When the Golden Globes were good, they were very, very good; when they were bad, they were horrid. On balance, this year’s show had many more memorable moments than cringe-worthy ones, which is why the Golden Globes remain our favorite awards show for the fun factor. However, the bad moments were jaw droppers. Here’s our opinionated take.
That opening number. The reverential and funny spoof of “La La Land’s” “Another Day of Sun” will give the Oscars something to answer for. A lot of effort went into that, and it was well worth it. By far and away the most entertaining moments of the three-hour show.
Meryl Streep. It started off with Viola Davis giving a loving introduction that included a reference to recipes for collard greens and apple pie, and ended with Streep giving president-elect Donald Trump a fiery what-for.
“Moonlight” ended the night. Just as a hundred journalists were poised to write “Why ‘Moonlight’ was robbed” think pieces, it won best drama, beating out “Manchester By The Sea.”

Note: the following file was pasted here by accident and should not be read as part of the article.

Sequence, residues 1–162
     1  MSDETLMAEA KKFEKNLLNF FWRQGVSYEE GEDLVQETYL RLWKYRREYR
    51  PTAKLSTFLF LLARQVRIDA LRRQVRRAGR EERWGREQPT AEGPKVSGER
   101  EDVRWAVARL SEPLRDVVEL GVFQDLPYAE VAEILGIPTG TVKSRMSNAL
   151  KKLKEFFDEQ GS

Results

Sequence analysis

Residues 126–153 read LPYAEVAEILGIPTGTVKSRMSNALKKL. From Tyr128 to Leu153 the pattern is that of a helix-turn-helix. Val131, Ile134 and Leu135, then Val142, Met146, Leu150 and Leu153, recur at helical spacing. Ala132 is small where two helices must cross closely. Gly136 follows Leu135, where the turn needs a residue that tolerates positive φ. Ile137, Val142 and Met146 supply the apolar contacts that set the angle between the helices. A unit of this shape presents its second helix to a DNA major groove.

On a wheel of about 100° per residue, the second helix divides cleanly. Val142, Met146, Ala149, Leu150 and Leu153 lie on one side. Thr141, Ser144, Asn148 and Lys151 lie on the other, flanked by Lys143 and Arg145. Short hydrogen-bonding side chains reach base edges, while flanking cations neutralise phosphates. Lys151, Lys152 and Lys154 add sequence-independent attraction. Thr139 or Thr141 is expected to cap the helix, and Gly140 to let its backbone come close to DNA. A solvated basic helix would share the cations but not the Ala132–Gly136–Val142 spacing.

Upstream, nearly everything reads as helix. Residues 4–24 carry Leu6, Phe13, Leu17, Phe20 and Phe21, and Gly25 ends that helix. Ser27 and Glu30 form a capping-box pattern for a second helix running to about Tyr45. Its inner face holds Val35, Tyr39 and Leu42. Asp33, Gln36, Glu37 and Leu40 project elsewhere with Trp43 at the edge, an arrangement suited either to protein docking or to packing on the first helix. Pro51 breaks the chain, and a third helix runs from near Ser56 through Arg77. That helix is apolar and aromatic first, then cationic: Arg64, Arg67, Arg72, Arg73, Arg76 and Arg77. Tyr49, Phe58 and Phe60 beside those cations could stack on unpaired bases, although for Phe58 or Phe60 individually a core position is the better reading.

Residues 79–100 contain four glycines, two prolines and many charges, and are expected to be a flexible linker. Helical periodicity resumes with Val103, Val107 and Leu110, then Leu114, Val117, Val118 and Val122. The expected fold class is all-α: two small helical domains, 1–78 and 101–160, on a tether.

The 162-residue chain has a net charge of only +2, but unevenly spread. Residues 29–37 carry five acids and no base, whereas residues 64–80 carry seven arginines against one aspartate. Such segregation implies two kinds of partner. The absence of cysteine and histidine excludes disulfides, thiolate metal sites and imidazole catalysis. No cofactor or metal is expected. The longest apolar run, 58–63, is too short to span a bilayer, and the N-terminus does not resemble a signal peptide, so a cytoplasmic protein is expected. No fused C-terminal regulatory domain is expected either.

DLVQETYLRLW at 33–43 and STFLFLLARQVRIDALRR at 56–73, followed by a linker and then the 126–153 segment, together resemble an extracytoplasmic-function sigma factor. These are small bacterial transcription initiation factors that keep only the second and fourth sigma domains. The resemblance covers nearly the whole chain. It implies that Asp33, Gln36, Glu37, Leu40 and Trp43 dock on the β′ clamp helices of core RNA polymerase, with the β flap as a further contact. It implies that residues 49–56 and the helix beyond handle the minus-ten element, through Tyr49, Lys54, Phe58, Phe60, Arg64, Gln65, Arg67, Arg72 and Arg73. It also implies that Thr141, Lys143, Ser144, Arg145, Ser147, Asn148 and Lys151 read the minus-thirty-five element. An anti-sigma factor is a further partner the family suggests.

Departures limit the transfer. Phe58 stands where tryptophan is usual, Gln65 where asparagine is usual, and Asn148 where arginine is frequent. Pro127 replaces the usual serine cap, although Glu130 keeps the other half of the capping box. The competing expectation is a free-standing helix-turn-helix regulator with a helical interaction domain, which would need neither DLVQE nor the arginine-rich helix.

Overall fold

Isabelle Huppert. She won! We thought it impossible (and apparently, so did she), but she won!
The domination of “Atlanta.” Donald Glover as best actor in a comedy TV series, and his series “Atlanta” as best comedy series. Also, that brown velour suit was awesome.
“you’re nominated for Hidden Fences” pic.twitter.com/7My6dtEkbG
— Dave Itzkoff (@ditzkoff) January 9, 2017
“Hidden Fences.” On the red carpet, Jenna Bush Hager asks Pharrell about his Best Original Score nomination for “Hidden Fences.” Holy crap, did that just happen? Well, that’s a chaotic situation; an unfortunate slip of the tongue.
— Bougie Black Girl (@BougieBlackGurl) January 9, 2017
“Hidden Fences: The Sequel.” Michael Keaton, presenting the Best Supporting Actress nominees, says “Hidden Figures” star Octavia Spencer is nominated for, yep, “Hidden Fences.” Wow. Bush Hager was making her extemporaneous red-carpet debut, but Keaton is an Oscar-nominated actor who should know his way around a teleprompter.
Sofia Vergara. Annual/anal. Accents are funny! No, they aren’t.
The Carrie Fisher/Debbie Reynolds tribute. Not that it shouldn’t have been there; we just wanted more of it. Timing must have made its production difficult, but the result felt forced, jammed in to lure viewers for what turned out to be a simple clip show.
Jimmy Fallon. Whether it was explaining the Amazon joke, or making jokes about producers at Dick Clark Prods., he showed the same weaknesses that he does on his late-night program. If he’s in a singing skit, where he can draft off the talents of others, he’s got a gift. Left to his own devices, he’s painful.